So every time that an incorrect translation is produced, it learns not to repeat that output. And every time that a correct translation happens, that successful output is fed back into the system, making it a more likely outcome the next time those same words appear. – Own work, Derivative of File:Artificial neural network.svg, CC BY-SA 3.0,

Recurrent neural networks require data, lots of data. And in the case of translation, this means quality parallel corpora, which, for the most part, have been prepared by professional human translators. The more high-quality translations there are between two languages (inputs), the more the system can learn (artificial intelligence), and the better the network-generated translation (output) will be. This is already the case with statistical machine translation, which relies on probabilities that a given translation will be correct. A recurrent neural network then takes the next step by learning what is acceptable and unacceptable outputs, and adjusting future translations accordingly.

Obviously, we’re just skimming the surface here. There is a lot more to neural networks and the way in which they’re being employed in language technology. But these systems represent both the present and the future.

So, where does that leave professional translators and interpreters?

First, we need to recognize the forces shaping our industry and understand what they can do right now, and what they will likely be able to accomplish in the near future. Second, we need to be aware that human translators and interpreters are still very much part of this process and will continue to be in the future. Our roles, however, have already begun to shift.

There is, and will continue to be, a need for “premium” translators and interpreters. Premium, in this context, means highly qualified language specialists with advanced degrees and international experience that enable them to provide high-level translation and interpreting services. These language professionals will do work that requires nuance, creativity, confidentiality, and accuracy. It will tend to be subject-specific and involve deep knowledge of a particular field or fields, such as law, finance, government, biotechnology, medicine, or engineering, to name just a few.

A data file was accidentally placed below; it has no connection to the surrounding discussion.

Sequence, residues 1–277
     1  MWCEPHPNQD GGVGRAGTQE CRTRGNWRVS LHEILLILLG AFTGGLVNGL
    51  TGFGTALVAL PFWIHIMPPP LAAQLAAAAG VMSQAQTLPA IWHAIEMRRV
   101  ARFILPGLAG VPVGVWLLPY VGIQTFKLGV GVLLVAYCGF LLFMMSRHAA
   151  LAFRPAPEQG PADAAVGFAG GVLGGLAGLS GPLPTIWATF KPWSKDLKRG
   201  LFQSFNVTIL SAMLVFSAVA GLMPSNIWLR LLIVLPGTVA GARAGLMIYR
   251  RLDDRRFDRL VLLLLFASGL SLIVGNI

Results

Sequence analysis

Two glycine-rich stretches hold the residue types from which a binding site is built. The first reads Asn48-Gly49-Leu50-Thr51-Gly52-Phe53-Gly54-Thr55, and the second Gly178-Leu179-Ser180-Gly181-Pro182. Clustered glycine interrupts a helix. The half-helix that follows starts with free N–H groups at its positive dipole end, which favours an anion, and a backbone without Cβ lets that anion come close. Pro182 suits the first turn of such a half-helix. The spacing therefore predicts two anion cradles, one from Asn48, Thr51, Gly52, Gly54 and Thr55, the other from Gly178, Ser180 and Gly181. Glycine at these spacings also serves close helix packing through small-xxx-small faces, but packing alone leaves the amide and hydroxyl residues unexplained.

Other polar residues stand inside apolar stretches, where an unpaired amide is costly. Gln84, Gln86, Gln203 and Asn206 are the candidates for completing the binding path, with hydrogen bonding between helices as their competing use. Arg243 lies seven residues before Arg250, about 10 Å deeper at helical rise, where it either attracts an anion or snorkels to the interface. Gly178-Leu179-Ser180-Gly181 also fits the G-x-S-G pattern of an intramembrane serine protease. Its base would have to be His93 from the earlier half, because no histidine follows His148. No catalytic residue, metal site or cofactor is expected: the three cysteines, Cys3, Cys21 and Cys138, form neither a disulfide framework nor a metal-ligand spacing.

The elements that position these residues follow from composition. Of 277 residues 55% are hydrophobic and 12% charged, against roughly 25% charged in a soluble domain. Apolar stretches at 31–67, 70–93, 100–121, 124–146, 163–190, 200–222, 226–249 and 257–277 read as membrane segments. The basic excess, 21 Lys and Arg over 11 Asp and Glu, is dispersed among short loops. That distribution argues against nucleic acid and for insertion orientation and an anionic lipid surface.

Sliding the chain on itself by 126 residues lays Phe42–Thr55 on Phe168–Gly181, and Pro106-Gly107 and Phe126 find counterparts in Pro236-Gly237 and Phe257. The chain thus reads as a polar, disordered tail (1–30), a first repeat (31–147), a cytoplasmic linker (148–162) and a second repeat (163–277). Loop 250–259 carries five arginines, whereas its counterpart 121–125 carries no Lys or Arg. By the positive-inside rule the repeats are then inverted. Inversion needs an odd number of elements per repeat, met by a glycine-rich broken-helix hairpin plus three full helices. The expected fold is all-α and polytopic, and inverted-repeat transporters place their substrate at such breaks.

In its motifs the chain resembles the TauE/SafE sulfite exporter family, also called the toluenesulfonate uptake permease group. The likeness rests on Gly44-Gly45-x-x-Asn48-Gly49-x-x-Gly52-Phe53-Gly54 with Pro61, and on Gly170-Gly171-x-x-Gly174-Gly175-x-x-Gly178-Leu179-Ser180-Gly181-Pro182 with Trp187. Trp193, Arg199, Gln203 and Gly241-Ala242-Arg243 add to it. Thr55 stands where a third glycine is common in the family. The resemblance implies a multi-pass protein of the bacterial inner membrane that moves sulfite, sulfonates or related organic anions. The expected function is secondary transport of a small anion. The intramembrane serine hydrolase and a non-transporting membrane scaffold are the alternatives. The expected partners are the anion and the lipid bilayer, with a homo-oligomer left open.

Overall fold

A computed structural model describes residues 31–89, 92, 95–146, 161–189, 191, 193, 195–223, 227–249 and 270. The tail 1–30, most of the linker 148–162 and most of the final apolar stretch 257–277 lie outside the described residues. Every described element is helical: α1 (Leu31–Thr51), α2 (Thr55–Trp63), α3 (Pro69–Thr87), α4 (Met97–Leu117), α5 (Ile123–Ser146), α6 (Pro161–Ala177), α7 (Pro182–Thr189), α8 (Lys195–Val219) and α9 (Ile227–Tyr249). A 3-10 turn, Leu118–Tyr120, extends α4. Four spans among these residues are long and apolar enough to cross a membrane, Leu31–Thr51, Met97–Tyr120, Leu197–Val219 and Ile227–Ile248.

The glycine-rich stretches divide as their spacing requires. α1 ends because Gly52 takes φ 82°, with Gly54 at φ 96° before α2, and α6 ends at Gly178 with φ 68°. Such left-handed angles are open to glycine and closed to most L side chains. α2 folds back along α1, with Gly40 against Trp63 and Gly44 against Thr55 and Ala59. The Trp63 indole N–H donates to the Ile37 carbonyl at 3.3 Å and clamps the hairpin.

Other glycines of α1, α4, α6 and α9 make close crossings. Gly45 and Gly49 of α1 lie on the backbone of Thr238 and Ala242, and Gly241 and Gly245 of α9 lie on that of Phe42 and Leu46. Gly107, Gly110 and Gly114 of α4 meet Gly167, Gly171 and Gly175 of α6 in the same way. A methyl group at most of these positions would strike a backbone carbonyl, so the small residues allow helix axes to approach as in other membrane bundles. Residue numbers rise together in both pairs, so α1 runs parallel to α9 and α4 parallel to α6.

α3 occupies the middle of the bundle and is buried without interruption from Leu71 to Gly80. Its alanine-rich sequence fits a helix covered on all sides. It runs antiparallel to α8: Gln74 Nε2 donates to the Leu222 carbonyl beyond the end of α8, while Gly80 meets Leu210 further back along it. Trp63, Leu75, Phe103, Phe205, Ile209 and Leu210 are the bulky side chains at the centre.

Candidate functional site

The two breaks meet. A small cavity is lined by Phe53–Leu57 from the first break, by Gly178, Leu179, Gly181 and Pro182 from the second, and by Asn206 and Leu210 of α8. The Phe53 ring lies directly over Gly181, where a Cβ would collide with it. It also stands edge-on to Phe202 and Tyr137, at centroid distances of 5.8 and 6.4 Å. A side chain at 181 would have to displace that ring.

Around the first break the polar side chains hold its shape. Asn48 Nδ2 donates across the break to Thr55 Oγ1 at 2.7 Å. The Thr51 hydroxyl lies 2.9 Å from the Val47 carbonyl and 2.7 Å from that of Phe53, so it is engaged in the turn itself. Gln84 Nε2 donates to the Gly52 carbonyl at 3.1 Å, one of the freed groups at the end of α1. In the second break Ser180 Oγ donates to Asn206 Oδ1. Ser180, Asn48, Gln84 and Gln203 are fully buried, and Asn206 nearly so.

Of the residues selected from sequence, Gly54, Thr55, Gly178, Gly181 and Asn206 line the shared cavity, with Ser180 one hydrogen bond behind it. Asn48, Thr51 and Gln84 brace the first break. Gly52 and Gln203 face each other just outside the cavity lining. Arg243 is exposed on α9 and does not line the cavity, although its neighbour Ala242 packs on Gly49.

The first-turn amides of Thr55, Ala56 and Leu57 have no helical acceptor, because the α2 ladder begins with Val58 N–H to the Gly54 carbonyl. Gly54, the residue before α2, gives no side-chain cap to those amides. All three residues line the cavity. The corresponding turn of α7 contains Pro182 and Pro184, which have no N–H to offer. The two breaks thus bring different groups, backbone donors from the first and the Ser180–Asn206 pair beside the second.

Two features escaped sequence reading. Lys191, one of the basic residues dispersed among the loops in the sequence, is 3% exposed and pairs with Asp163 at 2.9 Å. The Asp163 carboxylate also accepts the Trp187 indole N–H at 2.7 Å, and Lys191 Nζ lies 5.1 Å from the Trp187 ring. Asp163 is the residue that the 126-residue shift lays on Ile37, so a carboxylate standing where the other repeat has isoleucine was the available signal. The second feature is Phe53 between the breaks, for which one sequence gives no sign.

There will also be a host of new language-technology related jobs. These include translation-technology analysts, machine-learning experts, terminologists, language data collectors/curators, semantic analysts, corpus linguists, computational linguists, and translation quality assessors. In addition, there will be evolving versions of editors, proofreaders, and quality-assurance analysts.

The low-hanging fruit of our industry is already being picked. Translation and interpreting that involve a good deal of repetition, with consistent terminology, are now being done by software; as are services that involve a volume of work beyond human capacity (such as translating hundreds of thousands words a day) or in emergency/crisis situations, where imperfect bilingual interaction is more important than flawless communications.

Language services are going high-tech and will only continue to become more technologically dependent. As a result, in order to carve out a niche in this reality, language professionals will need to become increasingly tech savvy, in addition to being experts in their language pairs.



“Achieving Human Parity in Conversational Speech Recognition”, by W. XiongJ. DroppoX. HuangF. SeideM. SeltzerA. StolckeD. YuG. Zweig.